Note -- insulin deficiency doesn't just make one
'lacking in energy,' it can also make one dead. It is a 
serious condition, not to be taken lightly.

If a person KNOWS how all of these work, then they can decide what to eat. They don't need an extreme diet, "diabetic cookbook," or really, anything else. One counts carbohydrates, one tests pre and post prandially, and one learns from those measurements. "Oh, no! It looks like that plate of whole wheat pasta was NOT a good choice. Maybe I ought to cut back to 1 cup, and maybe add some broccoli, and some chicken on the side... or maybe I ought not eat any pasta, at all." Learning is what we do here. We are little scientists of our own planet. We colonize our OWN planets when we have information. 

There are dangers when we tell other people what to eat, or get them to lower their glucose levels too quickly... it can sometimes lead to ketoacidosis, people often have heart conditions, allergies, particular health conditions, genetic high cholesterol issues, other dietetic restrictions they may need to follow in order to manage OTHER conditions... or they might simply be a growing kid, etc. It's truly not up to us to tell people how to eat -- only to give them the basic information so that they can make an informed choice. Honestly, that's a hell of a lot more than most doctors do, right now, for type 2 diabetics. 

We blame type 2 diabetics a lot for not taking care of themselves, but we should be blaming many of those people's doctors, instead. If I blindly trusted my doctor, I'd be in no better position than most folks I know... who think they can just pop a pill, and forget about it. 

But... unfortunately, a lot of people live this way. "Pop a pill, or take insulin, and forget about it." 

Laxed Control

Some folks take on the attitude that it doesn't matter... That because nothing is guaranteed, then nothing matters, at all, so... "please stop showing me that I can get complications, because then why should I bother taking care of myself?" It can become quite hard to educate whoever might be new to the disease. And educate we MUST. We cannot avoid these parts of the disease education.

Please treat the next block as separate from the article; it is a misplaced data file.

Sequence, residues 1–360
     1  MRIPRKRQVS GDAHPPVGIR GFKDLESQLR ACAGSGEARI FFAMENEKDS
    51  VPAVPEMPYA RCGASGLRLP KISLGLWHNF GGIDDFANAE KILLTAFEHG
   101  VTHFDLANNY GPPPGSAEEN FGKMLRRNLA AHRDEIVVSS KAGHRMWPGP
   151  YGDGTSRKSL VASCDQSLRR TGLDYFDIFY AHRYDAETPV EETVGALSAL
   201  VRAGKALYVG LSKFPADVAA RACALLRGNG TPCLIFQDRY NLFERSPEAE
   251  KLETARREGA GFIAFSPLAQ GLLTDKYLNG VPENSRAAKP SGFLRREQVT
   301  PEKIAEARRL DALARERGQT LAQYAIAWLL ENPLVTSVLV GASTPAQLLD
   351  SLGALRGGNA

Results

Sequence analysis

Diabetes is hard, but maybe we can become a bit self entitled, or spoiled, sometimes? Some persons have real critical conditions -- with no real hope of avoiding some awful things -- yet they still care for themselves. They do so because LIFE MATTERS; our families, and our loved ones MATTER... WE matter... and it's better to be informed, then to be caught off guard. Life just happens to all of us... and that's no reason to live in fear. In fact, I find it helps me live in peace. It just is what it is. Not to be morbid here, but do we honestly know of anyone who, barring some accidental event, is not going to get sick and die? It's just life.

I've also known persons with diabetes who have literally advised others to not bother taking care of themselves because they have spent all their teenage years being a 'bad diabetic,' and now they have none, or minimal complications, to show for it... so that people should have nothing to worry about. I kid you not. People who have advised others "Oh, I was pregnant and had horribly high A1Cs of like 13% or higher, and all my kids were born healthy, so don't worry about it." That is the height of irresponsibility. One person's GENETIC LUCK is not another person's health regime.

That doesn't stop there... it's the same culture who encourages parents to keep kids at A1Cs of 8% or higher, for no real reason. The reasons are mostly a whine -- assumptions of kids rebelling, some references to kid's biology being different which I have never seen any proof for, and wanting kids to be like everyone else. 

Listen, don't get me wrong... everyone has the right to pick their A1C goals as they see fit. It's hard for me to comment on many of these issues because I don't have any kids... I don't really have a place of 'emotional authority' in order to appease most people, so that I can give my two cents. But... from what I know about childhood, and coming into one's own adulthood, learning moderation, and learning the discipline to control things like finances, cleanliness, diet, exercise, and emotions happens in childhood. Chronic illness would also fall under that. Obviously, not all children are the same... and some might have some real challenges at keeping a lowered A1C, but truthfully, those are potentially dangerous levels, with some real potential complications. If it's not a paramount necessity to risk it, why do so? Doctors tend to keep kids at high A1Cs, when the circumstances don't call for it, for the same reason they tend to keep type 2 diabetics from access to insulin, when the circumstances DO call for it -- FEAR OF LIABILITY. Fear that people are not smart enough to manage their own kids, without killing them with lows, or manage themselves, and lead healthy lives. There are plenty of kids with A1Cs at the 6% range, and doing just fine. Also, plenty of type 2 diabetics using insulin, and doing just fine.